Crisis in Darfur, however, represents only one example of the grim, deadly events that find a place on Google Earth. Hurricane Katrina’s arrival on the Gulf Coast represents perhaps an even more harrowing model of Google Earth’s configuration to obscure minority groups in the wake of disaster. As Michael Crutcher and Matthew Zook observe in their article “Placemarks and waterlines: Racialized cyberscapes in post-Katrina Google Earth,” Google Earth had only existed for a few months by the time of the storm’s landfall, but already its social impact could be seen. Crutcher and Zook focus in particular on the New Orleans “cyberscape” — a term they give to the links between physical space and cyberspace — with regards to user-generated placemarks. Directly prior to Katrina, New Orleans was, like many other cities, unofficially racially segregated, with white people generally concentrated in the historic neighborhoods along the Mississippi River and black people living in “backswamp ghettos” downstream of the river’s protective levy (Crutcher and Zook 527). Interestingly enough, the placemarks users added to the city (clickable signposts offering information and images of houses, restaurants, attractions, and so on) arranged themselves by the same boundaries: plenty in the popular Garden District, virtually none in the largely African American Ninth Ward. When Hurricane Katrina devastated the city, the troubling notions of this discrepancy were reflected onto an even more severe scale. Here, users uploaded specialized placemarks to Google Earth through the website Sciponius.com that relayed up-to-date information about the storm’s effects, such as how many inches of flooding a certain neighborhood was seeing or sites of significant damage (Crutcher and Zook 530). Upon conducting a spatial analysis of this data, Crutcher and Zook concluded they found “a clear relationship between the racial makeup of an area and its post-Katrina cyberscape of Google Earth placemarks. Neighborhoods with high percentages of African Americans were significantly less likely to have informational comments about them posted at the Sciponius website” (532). This discovery ultimately speaks volumes to the dangers racial minorities have faced (and still do) when natural disasters arrive. Whereas the pre-Katrina discrepancy demonstrated a disregard for black neighborhoods’ restaurants and sites, the post-Katrina discrepancy demonstrated a disregard for these people’s own safety. It is a historic and unfortunate story Google Earth’s placemarks engage in, that which has neglected both minorities’ ways of life and their lives themselves for centuries.

What factors, then, actually account for this placemark trend? Crutcher and Zook acknowledge the “digital lag” as a major element, the ongoing process of low-income groups and minorities procuring access to new technologies after wealthier white groups (527). Naturally, as Google Earth was in its infancy at the time of Katrina’s landfall, the digital lag postulates that the mapping software would have not yet been pervasive in New Orleans’ African American neighborhoods. When viewed in its full complex, the implications of this issue are striking — during one of the United States’ most deadly natural disasters, systemic marginalization meant a large fraction of the population lacked access to a potentially lifesaving tool.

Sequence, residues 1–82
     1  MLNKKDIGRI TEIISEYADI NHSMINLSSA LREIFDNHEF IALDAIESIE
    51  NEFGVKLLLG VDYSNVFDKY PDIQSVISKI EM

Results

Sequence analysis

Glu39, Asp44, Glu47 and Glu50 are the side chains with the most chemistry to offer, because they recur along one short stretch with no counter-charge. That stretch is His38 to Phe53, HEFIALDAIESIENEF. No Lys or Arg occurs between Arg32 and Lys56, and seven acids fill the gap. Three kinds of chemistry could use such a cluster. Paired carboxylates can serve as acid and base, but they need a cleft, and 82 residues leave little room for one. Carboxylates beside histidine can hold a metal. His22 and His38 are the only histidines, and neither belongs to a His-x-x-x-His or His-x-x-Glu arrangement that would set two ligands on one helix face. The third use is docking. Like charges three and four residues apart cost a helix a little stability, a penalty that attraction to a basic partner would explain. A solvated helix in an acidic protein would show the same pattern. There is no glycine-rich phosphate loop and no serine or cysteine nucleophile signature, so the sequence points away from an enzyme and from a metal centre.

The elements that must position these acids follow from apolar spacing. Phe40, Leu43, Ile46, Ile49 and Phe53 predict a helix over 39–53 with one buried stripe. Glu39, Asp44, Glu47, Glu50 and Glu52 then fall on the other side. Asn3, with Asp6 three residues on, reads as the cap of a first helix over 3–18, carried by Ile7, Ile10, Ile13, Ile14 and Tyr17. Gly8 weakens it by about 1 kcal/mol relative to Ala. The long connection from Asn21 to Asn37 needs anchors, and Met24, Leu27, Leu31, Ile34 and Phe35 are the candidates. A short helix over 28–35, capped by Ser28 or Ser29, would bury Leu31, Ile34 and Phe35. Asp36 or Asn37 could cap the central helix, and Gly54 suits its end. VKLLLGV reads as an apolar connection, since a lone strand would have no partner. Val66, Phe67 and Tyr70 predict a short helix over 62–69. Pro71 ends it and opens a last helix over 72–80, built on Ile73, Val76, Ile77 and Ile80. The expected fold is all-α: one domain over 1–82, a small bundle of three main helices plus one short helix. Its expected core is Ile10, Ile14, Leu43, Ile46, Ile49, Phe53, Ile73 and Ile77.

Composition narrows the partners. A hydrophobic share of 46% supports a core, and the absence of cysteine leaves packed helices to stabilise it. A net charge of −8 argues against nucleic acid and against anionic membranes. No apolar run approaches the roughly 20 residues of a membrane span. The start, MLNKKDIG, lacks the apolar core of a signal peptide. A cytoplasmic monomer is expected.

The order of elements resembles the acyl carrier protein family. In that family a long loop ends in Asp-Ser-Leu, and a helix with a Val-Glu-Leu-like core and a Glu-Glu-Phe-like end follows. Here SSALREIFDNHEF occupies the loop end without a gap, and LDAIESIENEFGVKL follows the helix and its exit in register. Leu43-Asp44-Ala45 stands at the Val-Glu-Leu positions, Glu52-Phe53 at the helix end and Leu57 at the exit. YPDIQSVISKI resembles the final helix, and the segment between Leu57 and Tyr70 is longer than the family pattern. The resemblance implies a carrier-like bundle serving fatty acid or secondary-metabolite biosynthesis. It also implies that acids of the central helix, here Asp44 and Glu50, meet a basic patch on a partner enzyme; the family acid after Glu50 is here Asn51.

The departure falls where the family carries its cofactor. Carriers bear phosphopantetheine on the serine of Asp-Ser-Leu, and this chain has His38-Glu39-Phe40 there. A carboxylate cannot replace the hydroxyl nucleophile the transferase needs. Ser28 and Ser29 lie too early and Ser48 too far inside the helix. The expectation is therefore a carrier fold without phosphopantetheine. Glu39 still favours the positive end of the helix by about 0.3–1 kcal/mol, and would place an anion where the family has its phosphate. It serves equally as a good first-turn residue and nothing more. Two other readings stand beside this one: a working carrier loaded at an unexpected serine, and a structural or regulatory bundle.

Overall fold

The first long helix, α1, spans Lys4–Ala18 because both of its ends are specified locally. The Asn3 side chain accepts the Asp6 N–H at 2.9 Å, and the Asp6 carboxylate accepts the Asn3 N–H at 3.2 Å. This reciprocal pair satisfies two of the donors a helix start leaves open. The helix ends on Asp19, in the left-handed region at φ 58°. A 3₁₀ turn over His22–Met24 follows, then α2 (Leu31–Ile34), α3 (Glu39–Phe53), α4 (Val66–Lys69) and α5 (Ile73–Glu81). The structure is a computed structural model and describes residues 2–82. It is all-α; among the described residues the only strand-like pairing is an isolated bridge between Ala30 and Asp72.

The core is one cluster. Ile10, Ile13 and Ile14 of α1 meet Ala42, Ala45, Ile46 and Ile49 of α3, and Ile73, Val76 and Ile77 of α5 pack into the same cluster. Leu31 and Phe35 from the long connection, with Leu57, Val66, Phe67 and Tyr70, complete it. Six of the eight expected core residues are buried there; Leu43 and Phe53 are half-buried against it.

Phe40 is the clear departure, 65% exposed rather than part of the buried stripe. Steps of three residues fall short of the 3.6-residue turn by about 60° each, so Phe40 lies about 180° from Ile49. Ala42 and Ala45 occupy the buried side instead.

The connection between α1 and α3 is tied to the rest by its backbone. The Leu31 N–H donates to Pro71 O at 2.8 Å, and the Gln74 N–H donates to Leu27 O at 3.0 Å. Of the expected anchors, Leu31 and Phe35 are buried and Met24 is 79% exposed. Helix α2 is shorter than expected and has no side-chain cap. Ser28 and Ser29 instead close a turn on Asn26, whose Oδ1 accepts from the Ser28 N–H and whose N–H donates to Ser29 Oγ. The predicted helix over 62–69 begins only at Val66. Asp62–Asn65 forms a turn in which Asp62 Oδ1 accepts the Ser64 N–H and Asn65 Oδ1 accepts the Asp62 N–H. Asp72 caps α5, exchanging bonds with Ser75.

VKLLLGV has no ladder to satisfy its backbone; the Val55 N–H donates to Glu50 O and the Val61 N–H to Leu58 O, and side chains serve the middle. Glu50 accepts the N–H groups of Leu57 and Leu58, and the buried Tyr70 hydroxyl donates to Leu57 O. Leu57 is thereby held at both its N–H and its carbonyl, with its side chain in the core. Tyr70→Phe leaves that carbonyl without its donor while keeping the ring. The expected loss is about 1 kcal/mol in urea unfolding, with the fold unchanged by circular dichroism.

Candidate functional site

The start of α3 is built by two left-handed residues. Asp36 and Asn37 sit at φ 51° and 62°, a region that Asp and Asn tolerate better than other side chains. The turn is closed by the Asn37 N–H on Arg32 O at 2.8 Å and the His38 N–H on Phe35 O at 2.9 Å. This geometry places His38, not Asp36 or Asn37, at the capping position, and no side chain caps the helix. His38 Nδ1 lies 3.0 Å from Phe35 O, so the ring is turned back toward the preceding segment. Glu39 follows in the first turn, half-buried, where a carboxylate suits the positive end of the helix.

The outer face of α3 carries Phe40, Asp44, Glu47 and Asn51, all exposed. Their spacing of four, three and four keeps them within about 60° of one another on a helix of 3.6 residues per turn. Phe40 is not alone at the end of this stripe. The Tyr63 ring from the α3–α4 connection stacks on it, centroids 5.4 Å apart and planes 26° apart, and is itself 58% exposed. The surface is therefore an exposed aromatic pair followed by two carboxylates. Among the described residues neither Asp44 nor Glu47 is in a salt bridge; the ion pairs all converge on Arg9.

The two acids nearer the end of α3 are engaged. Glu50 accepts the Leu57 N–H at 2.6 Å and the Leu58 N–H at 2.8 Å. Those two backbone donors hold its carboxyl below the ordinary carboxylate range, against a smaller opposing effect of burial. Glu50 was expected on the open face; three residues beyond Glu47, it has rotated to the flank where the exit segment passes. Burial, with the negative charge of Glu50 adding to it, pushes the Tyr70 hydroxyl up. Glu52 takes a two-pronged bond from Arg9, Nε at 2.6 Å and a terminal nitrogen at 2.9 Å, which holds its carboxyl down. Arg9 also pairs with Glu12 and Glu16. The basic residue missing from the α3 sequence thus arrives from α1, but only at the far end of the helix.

The digital lag maintains an ugly presence across the world today — its effects just as dramatic as Hurricane Katrina’s when taken in a long-term consideration. In their 2018 study “Google Earth Engine Applications Since Inception: Usage, Trends, and Potential,” Lalit Kumar and Onisimo Mutanga examined 1,447 auth-ors that used Google Earth in their research articles. Their analysis found that 41% of all the authors came from the United States, while a practically negligible amount hailed from developing countries. This concept of the digital lag was the most plausible cause, as Kumar and Mutanga cited accessibility issues and remarked that “Of a few universities rapidly surveyed in South Africa… very few apply GEE [Google Earth Engine] in teaching at undergraduate and post-graduate levels, and [at] neither is there widespread knowledge of its existence.” Thus, it is clear that the underrepresentation of minority groups with regards to Google Earth extends beyond the screen and into the real world. The discrepancies in Street View availability and its effects with regards to the Crisis in Darfur project are dangerous on their own, shadowing developing countries and subsequently fostering misleading perceptions. However, the issue of the digital lag demonstrated by the aftermath of Hurricane Katrina introduces a problem the Mercator projection never quite did. With the beneficial and even heroic components of Google Earth becoming more and more evident, it is imperative we expand its accessibility to all populations, and quickly — when the next disaster strikes, lives might depend on it.